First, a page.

Widening The Walk

On Friday 15th September Bobbie, Jeremy and I headed down to Claycart, Wellesley Woodlands to widen the boardwalk that leads off one side of the bridge next to the flash.  On Sunday 8th October the Wellesley 10k run will be coming through this section of Wellesley and due to the number of runners, making the boardwalk wider at the corner where it joins the path will mean safer passage for a large volume of people all at once.

Our first job was to remove the stobs on the outside of the old boards which actually proved to be the trickiest part of the day!  Previous staff had really done a good job fixing them in!

We then cut some bearers to size to take the weight of the sleeper in the wet mud before Bobbie expertly trimmed the sleeper down to size with a chainsaw so we could squeeze it in the gap between the surfaced path and existing boardwalk.  Once firmly wedged in place Bobbie and Jeremy positioned two new stobs and screwed them in whilst I filled the edges with aggregate to level off the edge of the path.  We then all had the great joy of flattening out a piece of chicken wire over the entire surface of the board walk and stapling it down flat.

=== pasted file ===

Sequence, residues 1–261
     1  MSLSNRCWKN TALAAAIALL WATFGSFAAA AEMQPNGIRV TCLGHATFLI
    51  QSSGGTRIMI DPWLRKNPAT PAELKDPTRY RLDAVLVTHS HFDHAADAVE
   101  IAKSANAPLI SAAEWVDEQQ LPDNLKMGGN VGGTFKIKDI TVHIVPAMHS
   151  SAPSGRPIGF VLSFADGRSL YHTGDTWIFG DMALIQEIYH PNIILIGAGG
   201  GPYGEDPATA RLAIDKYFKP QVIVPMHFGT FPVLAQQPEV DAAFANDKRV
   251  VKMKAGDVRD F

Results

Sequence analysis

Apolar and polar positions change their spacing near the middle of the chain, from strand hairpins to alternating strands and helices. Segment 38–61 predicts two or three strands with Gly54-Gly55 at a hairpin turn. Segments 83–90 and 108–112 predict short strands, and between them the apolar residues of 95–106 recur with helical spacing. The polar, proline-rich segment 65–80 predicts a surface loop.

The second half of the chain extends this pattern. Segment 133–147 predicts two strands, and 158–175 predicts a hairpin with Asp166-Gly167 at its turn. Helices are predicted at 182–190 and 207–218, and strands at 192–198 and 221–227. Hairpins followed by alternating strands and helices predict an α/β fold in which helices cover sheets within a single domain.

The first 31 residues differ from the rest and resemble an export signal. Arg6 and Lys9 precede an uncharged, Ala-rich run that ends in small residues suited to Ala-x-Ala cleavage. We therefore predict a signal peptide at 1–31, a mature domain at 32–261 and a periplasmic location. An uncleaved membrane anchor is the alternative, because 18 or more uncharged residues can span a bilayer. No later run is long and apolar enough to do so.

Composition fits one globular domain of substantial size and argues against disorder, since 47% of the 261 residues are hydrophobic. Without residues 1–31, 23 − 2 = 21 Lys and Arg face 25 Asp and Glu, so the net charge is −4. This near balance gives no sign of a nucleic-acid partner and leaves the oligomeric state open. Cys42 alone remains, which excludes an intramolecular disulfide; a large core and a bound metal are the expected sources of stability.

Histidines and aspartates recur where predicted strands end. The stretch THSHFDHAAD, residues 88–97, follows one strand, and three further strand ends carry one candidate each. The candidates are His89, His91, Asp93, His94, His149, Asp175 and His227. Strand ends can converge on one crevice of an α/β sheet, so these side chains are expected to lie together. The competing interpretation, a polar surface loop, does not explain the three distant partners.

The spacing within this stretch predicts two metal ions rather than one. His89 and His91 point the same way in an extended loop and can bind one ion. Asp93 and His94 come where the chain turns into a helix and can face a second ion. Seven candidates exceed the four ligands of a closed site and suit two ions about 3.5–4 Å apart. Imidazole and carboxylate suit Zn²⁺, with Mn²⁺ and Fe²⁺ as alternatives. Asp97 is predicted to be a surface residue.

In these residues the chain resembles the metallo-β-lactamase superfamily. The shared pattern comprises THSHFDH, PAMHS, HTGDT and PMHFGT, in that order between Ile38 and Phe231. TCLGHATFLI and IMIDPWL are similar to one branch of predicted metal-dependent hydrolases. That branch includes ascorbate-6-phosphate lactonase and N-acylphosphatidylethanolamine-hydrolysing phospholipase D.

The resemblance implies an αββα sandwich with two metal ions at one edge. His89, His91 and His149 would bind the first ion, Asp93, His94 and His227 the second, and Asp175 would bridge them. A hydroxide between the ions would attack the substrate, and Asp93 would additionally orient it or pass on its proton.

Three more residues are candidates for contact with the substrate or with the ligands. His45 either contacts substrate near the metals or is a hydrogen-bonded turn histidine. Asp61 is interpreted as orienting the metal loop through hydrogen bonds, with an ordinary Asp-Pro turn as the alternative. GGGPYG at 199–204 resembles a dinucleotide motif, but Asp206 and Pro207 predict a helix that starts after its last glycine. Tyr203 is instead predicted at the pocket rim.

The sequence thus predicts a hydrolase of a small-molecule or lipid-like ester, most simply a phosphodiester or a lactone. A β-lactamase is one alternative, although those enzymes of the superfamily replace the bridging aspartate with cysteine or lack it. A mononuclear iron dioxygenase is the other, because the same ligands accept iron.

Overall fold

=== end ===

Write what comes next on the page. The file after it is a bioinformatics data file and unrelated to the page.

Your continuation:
Now you could never tell we added a new board!  Thank you to Bobbie and Jeremy for helping me out.

Ranger Laura

About blackwatervalleycountryside

The Blackwater Valley is located on the borders of Hampshire, Surrey and Berkshire and runs for approximately 30km from the source near Aldershot, northwards to Swallowfield. At its confluence it joins the rivers Whitewater and Loddon. The Loddon eventually flows into the River Thames near Reading. Work in the Blackwater Valley is co-ordinated by the Blackwater Valley Countryside Partnership on behalf of the local authorities that border the Valley. Despite being surrounded by urban development the Valley provides an important green corridor for local residents As well as the Blackwater Valley Site of Special Scientific Interest (SSSI) and a small part of the Basingstoke Canal SSSI, three nature reserves within the Valley catchment and many other areas have been recognised for their ecological importance. The local planning authorities covering the Valley have designated 31 other areas as ‘Wildlife Sites’.
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